Figure 1.

Pleiotropy and epistasis are key factors in the evolution of antibiotic resistance. (a) Definition of pleiotropy and epistasis. Phenotypes P1 and P2 affect fitness (or antibiotic resistance) and are determined by genes a and b. Plus/minus signs indicate positive/negative effects. Gene a has antagonistic pleiotropic effects on both phenotypes, while gene b is not pleiotropic. Epistasis is the dependence of the phenotypic or fitness effect of a gene on the effect of another gene; epistasis at the level of fitness may thus arise from gene interactions determining underlying phenotypes or from interactions among phenotypes in their effect on fitness, or both (opportunity for epistasis indicated by double-headed red arrows). (b) Knowledge of pleiotropy and epistasis allows evolutionary predictions. Shown are fitness effects of alleles A and B in a red and in a blue environment. In both environments, AB is the fittest (or most resistant) combination. In the red environment, A and B are not epistatic and both pathways from ab to AB (shown by red arrows) are equally likely. However, in the blue environment, alleles A and B show sign epistasis, leading to the low-fitness combination Ab. As a result, one pathway (ab > aB > AB, shown by blue arrows) is much more likely under the influence of natural selection than the other (ab > Ab > AB), making evolution relatively predictable.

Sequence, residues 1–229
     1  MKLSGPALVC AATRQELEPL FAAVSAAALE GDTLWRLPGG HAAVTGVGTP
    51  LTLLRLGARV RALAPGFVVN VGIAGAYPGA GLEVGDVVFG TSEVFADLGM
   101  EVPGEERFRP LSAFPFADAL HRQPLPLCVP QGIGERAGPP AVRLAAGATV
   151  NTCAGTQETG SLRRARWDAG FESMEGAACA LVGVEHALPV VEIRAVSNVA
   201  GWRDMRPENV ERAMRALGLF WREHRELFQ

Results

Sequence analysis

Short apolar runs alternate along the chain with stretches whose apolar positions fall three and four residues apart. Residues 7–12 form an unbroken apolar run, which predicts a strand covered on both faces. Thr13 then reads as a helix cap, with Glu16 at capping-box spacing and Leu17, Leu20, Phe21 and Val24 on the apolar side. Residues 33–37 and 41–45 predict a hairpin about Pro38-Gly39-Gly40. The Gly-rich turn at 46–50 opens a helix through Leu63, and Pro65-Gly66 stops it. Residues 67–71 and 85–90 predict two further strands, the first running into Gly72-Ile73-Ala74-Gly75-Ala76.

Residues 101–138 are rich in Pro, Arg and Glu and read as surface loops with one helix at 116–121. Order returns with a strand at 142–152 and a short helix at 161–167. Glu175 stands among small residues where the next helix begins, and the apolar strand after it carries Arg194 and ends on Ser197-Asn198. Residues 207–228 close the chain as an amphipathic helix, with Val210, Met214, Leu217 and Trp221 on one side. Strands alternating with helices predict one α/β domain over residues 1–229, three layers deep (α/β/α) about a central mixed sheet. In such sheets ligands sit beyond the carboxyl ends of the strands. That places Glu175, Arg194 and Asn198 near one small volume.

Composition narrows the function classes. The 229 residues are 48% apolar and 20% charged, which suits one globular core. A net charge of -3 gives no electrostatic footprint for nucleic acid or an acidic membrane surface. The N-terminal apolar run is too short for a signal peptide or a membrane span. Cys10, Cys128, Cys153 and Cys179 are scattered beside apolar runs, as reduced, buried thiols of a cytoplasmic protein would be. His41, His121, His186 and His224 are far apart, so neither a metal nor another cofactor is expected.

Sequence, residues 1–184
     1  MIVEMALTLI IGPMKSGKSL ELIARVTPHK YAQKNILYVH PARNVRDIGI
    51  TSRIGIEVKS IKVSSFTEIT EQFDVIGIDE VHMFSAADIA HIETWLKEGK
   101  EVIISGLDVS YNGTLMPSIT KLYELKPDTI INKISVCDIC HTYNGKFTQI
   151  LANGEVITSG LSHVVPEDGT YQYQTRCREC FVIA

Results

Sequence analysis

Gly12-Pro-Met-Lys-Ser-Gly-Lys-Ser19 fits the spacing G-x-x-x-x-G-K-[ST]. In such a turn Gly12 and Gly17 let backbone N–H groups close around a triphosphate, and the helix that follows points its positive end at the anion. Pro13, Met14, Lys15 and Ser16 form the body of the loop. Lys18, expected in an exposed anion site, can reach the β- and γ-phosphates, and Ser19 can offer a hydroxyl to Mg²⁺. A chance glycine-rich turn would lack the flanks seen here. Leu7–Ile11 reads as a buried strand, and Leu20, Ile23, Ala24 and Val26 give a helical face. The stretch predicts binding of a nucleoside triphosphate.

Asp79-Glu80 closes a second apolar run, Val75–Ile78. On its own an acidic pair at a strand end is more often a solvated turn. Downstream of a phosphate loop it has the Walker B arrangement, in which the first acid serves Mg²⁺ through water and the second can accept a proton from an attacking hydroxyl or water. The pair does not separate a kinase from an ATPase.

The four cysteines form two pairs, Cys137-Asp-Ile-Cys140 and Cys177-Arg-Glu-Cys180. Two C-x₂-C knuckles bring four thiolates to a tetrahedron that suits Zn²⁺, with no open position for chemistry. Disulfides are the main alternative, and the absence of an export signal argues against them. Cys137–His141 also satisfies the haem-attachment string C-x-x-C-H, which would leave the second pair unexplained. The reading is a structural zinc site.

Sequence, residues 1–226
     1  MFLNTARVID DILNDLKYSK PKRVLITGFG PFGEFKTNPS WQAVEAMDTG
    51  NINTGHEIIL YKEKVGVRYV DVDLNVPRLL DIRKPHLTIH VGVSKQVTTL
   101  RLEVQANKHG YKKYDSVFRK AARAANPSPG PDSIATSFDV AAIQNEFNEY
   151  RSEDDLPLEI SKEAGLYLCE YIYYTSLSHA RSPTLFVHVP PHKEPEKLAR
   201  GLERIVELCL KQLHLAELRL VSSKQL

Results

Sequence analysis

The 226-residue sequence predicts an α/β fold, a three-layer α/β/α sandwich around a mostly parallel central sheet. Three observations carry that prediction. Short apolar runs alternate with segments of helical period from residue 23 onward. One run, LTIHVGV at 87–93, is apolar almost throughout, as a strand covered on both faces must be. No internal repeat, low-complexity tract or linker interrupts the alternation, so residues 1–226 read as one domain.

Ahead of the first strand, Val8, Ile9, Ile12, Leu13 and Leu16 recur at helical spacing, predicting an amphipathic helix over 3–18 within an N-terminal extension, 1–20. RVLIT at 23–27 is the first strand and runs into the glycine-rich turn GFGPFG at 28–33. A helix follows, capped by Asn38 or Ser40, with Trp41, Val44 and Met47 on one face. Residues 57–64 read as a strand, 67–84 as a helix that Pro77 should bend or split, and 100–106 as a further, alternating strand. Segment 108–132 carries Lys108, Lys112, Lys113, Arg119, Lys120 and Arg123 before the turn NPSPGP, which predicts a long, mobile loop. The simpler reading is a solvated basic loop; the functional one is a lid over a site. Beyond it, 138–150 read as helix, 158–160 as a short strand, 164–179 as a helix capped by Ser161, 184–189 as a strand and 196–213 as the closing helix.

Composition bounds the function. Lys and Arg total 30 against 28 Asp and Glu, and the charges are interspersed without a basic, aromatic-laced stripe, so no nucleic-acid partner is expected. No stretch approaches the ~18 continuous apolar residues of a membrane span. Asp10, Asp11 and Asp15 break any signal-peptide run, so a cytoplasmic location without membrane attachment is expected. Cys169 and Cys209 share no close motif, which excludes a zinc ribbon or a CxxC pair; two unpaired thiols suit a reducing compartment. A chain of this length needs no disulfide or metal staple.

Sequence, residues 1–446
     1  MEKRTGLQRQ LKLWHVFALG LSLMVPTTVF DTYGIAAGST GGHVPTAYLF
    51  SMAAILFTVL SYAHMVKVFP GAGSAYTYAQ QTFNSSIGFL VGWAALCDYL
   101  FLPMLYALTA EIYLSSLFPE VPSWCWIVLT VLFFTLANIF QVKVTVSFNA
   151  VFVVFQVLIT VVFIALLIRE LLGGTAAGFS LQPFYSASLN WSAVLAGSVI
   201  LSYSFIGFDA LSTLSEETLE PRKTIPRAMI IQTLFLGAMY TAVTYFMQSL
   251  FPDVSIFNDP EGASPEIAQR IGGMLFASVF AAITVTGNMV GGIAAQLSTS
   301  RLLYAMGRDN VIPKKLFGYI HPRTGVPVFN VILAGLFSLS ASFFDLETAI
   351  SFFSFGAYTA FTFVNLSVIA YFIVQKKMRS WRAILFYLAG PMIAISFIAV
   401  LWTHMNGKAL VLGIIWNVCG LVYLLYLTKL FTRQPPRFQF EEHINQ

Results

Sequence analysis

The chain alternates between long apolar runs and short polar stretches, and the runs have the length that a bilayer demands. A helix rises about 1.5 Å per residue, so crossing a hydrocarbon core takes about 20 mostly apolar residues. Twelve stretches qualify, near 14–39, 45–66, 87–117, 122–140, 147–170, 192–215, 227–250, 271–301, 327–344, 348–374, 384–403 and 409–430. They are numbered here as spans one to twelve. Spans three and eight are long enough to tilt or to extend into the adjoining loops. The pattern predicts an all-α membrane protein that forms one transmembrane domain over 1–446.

Schenk and de Visser BMC Biology 2013 11:14   doi:10.1186/1741-7007-11-14
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